Correspondences: Tess Jaray / Paul De Monchaux
Megan Piper and Frestonian Gallery are delighted to present an exhibition of work by Tess Jaray and Paul de Monchaux. Having studied together at the Slade in the late 1950s, the artists met again in 1986 during the Stoke-on-Trent Garden Festival, where de Monchaux’s work was included in the Whitechapel Gallery Garden and Jaray presented her first brick floor-piece. As both artists pursued public art commissions through the 1990s, their dialogue continued. They have exchanged over 400 letters by email over the last fifteen years – discussing shared influences and artistic challenges. This exhibition brings together their work in a gallery for the first time, capturing their visual dialogue and highlighting their common ground.
As Jaray notes in an email from 2006:
There are several things you mention where I see we share the same territory, or drink from the same cup. You speak about the work being 'based on architecture'. It is the same for me, although I would put it differently: I have always thought that the influence of architecture for me has to do mostly with its emotive impact. How a building, or structure, or place, makes me feel. And I try to use that, somehow, in the paintings.
Focusing on recent work by both artists, the resonance of their correspondence is immediately apparent in this exhibition. De Monchaux’s sculptures are developed from a geometric core and he notes: ‘Among its many uses, geometry provides a means to coordinate the seen with the sensed. The process itself has its own poetry regardless of the application’. The plaster works use the same geometry as their starting point as his earlier Volutes.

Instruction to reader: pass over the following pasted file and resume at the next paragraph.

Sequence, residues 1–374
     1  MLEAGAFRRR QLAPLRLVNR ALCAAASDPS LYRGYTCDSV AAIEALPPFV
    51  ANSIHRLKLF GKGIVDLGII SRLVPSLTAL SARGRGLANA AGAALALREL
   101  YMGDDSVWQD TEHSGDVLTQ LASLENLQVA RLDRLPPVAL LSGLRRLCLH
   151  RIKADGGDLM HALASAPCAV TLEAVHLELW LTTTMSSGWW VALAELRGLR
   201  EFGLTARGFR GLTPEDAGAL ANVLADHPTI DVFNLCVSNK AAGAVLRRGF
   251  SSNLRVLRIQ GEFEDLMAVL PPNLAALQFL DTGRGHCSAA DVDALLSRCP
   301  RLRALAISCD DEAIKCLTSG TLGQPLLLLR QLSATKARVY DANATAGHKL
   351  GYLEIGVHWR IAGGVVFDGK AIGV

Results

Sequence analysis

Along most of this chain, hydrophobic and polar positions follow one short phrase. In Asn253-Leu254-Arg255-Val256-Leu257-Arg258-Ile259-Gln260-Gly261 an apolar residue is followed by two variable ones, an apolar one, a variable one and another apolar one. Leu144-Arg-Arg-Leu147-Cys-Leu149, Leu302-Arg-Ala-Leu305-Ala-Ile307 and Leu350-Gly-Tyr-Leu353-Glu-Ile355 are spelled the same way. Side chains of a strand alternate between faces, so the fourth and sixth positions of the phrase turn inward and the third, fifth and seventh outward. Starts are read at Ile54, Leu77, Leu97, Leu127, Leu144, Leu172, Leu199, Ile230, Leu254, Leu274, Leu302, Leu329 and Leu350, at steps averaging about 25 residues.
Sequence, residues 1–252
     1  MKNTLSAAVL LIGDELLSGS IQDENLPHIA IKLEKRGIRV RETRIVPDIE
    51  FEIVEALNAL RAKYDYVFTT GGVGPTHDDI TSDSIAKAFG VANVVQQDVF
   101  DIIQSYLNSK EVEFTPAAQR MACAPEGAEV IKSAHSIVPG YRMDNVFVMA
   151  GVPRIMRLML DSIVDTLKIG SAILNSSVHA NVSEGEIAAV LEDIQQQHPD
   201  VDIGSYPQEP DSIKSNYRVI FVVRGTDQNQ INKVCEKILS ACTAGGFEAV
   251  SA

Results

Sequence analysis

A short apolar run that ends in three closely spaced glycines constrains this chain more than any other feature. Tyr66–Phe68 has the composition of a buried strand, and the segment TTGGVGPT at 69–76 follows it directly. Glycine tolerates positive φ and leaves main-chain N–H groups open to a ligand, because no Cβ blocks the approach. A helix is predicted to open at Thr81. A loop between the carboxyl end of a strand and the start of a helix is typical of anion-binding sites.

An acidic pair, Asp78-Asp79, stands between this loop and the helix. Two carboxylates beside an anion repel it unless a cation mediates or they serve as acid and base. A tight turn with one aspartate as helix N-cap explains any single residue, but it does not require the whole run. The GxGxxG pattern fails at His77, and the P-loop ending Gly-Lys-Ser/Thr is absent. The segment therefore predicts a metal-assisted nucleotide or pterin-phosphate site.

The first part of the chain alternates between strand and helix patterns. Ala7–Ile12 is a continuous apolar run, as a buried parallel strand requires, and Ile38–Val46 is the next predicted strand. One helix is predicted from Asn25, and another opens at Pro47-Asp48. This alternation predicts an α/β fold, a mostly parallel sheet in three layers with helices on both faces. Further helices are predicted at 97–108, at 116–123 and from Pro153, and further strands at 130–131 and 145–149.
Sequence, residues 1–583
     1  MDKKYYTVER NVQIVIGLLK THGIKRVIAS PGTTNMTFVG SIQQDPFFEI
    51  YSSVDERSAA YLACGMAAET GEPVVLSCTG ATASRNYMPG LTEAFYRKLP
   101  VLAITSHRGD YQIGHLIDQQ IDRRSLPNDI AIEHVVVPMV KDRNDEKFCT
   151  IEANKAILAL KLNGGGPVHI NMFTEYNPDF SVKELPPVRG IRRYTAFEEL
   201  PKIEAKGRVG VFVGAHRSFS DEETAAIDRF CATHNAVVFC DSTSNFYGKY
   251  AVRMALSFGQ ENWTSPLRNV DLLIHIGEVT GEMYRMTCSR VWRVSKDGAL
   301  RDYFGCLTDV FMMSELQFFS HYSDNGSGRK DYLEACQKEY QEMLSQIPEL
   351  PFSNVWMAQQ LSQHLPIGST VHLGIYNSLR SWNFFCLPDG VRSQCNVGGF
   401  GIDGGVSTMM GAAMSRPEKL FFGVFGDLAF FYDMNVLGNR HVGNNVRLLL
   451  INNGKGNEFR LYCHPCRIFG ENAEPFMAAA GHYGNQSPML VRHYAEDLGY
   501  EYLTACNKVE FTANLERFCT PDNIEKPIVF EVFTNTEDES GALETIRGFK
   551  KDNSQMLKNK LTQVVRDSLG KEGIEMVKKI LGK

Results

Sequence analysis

Both artists were profoundly influenced by visits to Italy early in their careers – de Monchaux in 1954 and Jaray in 1960. Jaray’s trip, the result of a travel grant when she finished at the Slade, has inspired and informed her exploration of perspective, space and colour for the last six decades. The exhibition includes three of her Predella paintings – referring to the Italian term for the long horizontal structure at the base of an altarpiece – first encountered by Jaray when she visited Florence and Rome.
The exhibition also includes Jaray’s recent One Hundred Years series – the title playfully referring to the length of time it would take a snail to circumnavigate the world. Collectively, she and de Monchaux have invested more than a hundred years in their artistic pursuits and this exhibition is testament to their success.